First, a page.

"Where can I buy stamps?" "Alla il tabbachi" Yes, but which one! A shrug of the shoulders from most and, in the end it was the monks at San Miniato, which I visited this afternoon, who sold them.
I had been to the 10.30 Cathedral Plansong Mass and then caught the 13 bus up to San Miniato. It lies on a hill just south west of the city and, like Fiesole yesterday, is an oasis of calm. For many this is the finest church in all Florence, founded in 1015 at the site where the head of the Roman soldier, S. Minato, rested after his martyrdom (he was beheaded). The crypt contains the relic and above there is a marvellous choir with an inspiring mosaic Christ Pantocrator by Ravenna craftsmen. The choir is reached by a long flight of steps rising from the nave, the focus of which is a fine baldichino (1448) beneath the apse. The walls are still, mostly, covered by frescoes from the 14th/15th centuries. I loved this place, which is home to the white Benedictine monks of Monte Oliveto) and returned to it for Vespers. But I also took in the wonderful panoramic views of the city from Piazza Michelangelo and saw the storm which had brewed in the afternoon as it passed over the westenr parts of Florence. It sprinkled a few drops on us.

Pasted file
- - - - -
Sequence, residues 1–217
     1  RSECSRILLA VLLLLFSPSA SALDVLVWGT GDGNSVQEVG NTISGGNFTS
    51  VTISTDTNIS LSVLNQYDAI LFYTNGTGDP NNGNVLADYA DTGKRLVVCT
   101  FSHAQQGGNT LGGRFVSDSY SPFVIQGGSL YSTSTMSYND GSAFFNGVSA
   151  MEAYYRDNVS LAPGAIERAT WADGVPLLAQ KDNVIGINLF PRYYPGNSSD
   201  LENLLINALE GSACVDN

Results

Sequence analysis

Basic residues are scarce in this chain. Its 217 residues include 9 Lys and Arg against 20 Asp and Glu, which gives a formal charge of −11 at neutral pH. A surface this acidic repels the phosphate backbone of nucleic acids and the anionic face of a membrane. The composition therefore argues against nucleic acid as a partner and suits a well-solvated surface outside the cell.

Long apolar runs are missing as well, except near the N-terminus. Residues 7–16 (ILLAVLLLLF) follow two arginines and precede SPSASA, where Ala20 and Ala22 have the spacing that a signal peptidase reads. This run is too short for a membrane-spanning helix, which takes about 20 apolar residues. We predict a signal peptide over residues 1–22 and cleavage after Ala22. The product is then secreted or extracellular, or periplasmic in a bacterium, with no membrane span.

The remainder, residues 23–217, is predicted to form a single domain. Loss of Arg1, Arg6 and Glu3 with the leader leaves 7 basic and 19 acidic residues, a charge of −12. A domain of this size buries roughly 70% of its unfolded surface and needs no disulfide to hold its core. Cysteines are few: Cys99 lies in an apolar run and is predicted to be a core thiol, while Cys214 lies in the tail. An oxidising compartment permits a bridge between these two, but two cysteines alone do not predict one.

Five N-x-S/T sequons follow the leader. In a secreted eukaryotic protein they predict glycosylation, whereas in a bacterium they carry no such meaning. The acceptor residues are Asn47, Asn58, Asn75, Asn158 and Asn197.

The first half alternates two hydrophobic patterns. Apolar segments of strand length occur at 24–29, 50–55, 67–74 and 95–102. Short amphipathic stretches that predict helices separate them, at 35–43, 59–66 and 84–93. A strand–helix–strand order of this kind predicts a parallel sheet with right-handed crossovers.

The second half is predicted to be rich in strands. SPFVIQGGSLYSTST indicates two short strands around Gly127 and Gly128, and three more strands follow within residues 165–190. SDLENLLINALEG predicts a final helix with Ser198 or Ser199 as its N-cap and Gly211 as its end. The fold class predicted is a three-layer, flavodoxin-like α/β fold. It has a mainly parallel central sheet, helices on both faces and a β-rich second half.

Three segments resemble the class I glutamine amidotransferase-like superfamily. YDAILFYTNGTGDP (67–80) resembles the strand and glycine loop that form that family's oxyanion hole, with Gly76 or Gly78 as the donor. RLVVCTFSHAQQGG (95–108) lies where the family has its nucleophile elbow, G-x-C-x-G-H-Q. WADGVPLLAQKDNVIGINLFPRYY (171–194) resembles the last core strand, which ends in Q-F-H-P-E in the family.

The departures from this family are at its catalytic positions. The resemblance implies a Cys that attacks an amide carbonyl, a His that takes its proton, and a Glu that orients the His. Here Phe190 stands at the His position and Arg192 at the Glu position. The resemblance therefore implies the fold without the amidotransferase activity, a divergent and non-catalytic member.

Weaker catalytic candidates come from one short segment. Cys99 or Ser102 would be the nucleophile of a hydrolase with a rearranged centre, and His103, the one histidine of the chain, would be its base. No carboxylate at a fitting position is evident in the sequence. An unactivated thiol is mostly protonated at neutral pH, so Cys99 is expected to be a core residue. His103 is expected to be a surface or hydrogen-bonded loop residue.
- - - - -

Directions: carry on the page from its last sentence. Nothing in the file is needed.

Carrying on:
Yesterday I took the bus up to Fiesole. I wanted to get out of an urban environment, which I have been in for most of the past week. Ancient Italy was, of course, dominated by fortified cities like Pisa, Lucca and, now, Florence, and I found myself getting claustrophobic and needing to breathe. Fiesole lets you do just that, and Florentines have used it as an escape for centuries. Its where many built villas to escape the heat of summer. The small Duomo is quietly beautiful and, on one of my walks in the hills, I came across a small, prayerful chapel with the Blessed Sacrament exposed where I spent some time. It belongs to the Poor Clares. I also walked up the steep hill to the monastery of St. Francis, a very rustic place built on the old Roman acropolice. On my return I chanced upon the monastery of the Jerusalem Community (based in Santa Maria della Assunta in Badia Fiorentina. Another wonderful oasis, but in the heart of the city. The community was only founded recently and is mixed, young and growing. (Actually, I have been suroprised, and impressed, by the number of young monks, friars and nuns I have seen around the places I have visited. There still seem to be many vocations to the Religious Life in Tuscany). The church is also the place where Dante first met Beatrice...
So, a week has almost gone by and I feel full of the Renaissance! One thing I have learnt is how far its architecture, in particular, drew upon the-then rediscovered classical period. This was the beginning of that style of art and architecture which was so to influence Eurpose for the next 500 years and was only, from the last century, superceded by modernism.